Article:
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To think maybe women find it more difficult being step parents?

(27 Posts)
Strangeday Wed 28-Sep-16 11:58:33

I know of course this won't be the case for everyone but it just seems so in my experience.

Thinking of all the people I know, families with step dads mostly just seem to just get on with it. Perhaps it's because the mum does most of the parenting, but I've rarely heard step dads complaining about their stepchildren and more often seem to play good cop when the kids are acting up.

I've got quite a few friends that are step mums, they all have massive issues either with the kids or the ex.

It's always that they resent how much maintenance their partner pays, or they resent their partner putting his children first as in prioritising time with his kids. Or they have issues with the step children's behaviour (which to me always sounds normal), or they accuse the ex of taking liberties of having too much of a nice lifestyle, or they say their partners access time rules theirs lives and so on.

There's the old stereotype of the wicked stepmother isn't there.

Is there anything in it? Or perhaps men sit back too much and play piggy in the middle?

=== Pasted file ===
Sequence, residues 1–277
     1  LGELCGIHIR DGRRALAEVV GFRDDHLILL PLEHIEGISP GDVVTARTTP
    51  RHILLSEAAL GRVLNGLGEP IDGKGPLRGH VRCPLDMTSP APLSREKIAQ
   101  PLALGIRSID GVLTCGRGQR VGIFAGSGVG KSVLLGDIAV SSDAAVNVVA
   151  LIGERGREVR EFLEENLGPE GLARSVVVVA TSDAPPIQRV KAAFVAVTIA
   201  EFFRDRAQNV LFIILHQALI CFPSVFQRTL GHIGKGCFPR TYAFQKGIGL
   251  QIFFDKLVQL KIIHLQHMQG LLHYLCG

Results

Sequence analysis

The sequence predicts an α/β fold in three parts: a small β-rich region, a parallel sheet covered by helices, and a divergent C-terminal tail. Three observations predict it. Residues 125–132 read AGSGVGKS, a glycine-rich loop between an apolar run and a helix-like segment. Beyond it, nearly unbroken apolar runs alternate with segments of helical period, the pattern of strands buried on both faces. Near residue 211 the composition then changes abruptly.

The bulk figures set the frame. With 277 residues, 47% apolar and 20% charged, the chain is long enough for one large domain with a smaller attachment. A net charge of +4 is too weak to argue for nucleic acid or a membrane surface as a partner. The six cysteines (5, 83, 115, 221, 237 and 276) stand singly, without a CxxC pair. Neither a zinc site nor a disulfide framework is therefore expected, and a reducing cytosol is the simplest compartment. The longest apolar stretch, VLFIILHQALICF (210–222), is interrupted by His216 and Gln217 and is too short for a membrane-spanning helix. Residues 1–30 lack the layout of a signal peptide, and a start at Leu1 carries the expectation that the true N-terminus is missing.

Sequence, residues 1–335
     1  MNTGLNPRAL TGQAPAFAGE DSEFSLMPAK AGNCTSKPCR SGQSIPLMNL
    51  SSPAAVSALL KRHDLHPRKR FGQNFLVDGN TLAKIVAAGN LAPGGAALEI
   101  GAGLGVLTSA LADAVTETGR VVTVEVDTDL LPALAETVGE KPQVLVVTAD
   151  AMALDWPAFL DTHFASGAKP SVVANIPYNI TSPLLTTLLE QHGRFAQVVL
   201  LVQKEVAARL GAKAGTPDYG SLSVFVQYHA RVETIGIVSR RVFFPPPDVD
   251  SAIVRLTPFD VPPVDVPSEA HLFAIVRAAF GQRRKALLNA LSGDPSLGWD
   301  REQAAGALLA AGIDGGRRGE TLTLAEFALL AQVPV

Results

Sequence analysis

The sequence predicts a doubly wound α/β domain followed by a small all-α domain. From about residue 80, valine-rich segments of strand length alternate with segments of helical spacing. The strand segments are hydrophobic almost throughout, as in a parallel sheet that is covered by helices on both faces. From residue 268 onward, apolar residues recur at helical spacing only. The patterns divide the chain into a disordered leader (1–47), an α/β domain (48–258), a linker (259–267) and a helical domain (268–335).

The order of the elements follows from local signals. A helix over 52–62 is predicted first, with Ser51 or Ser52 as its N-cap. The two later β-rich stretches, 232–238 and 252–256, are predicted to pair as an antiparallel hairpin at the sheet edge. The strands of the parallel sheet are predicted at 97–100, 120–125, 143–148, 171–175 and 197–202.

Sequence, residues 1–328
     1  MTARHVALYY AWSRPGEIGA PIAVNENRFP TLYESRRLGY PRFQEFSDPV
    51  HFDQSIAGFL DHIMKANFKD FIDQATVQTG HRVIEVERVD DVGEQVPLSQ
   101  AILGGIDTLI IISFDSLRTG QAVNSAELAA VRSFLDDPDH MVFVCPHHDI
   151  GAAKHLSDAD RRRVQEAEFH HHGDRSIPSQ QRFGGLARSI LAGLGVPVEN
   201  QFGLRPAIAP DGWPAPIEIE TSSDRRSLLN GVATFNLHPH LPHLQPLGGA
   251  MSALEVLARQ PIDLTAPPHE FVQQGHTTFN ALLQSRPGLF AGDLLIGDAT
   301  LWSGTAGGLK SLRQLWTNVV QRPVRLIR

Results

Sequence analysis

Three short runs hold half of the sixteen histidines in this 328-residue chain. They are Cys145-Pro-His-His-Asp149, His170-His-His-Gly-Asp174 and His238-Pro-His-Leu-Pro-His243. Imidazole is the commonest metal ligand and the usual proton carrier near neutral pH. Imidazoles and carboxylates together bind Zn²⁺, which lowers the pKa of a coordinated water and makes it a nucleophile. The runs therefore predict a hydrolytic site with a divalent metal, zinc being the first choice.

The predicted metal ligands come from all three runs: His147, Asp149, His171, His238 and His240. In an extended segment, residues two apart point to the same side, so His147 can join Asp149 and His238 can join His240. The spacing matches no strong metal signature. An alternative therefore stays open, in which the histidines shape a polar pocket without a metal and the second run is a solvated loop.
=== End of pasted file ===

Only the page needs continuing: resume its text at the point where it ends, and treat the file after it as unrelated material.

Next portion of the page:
All I know is I've seen usually lovely friends turn into horrible stepmothers.

MitzyLeFrouf Wed 28-Sep-16 12:01:24

Perhaps it's because the mum does most of the parenting

That's about the nub of it I suspect. Society defines women more by their parental status. Far more than men are defined by being a dad.

notinagreatplace Wed 28-Sep-16 12:04:08

I've noticed this too. I think a lot of it is down to the fact that children usually primarily live with their mothers. So, if you're a stepfather, you pretty much just have to accept them as part of your household or it isn't going to work.

Whereas, if you're a stepmother, your stepchild isn't around all that much so it's a lot easier to see them as not really part of your household - you may not like having them around very much but you think "hey, it's only EOW, I can grit my teeth and deal with that" and then it turns out to be harder than you think but you're now committed to it.

I think, for the same reason, women tend to be a lot more assertive about insisting that their new partners take on responsibility for their kids - you see loads of threads on here where posters will say that anything other than a stepfather being fully willing to financially provide for stepkids is completely unreasonable, whereas any suggestion that a stepmother provide financially for her stepchildren is met with total horror.

Mozfan1 Wed 28-Sep-16 12:46:39

If you're a step dad, you're seen as noble or whatever for taking on a woman's children.

If you're a step mum, you're seen as wicked/ controlling/ tearing up the family quite often.

I am neither a step mum nor have I had a step mum, just observation/a lot of women get a lot of stick on mumsnet when they are step mums and complain about their situation flowers

Mozfan1 Wed 28-Sep-16 12:48:09

Sorry that didn't scan very well- meant to mean

If a woman who is a step mum complains about the tribulations of family life they can get flamed at times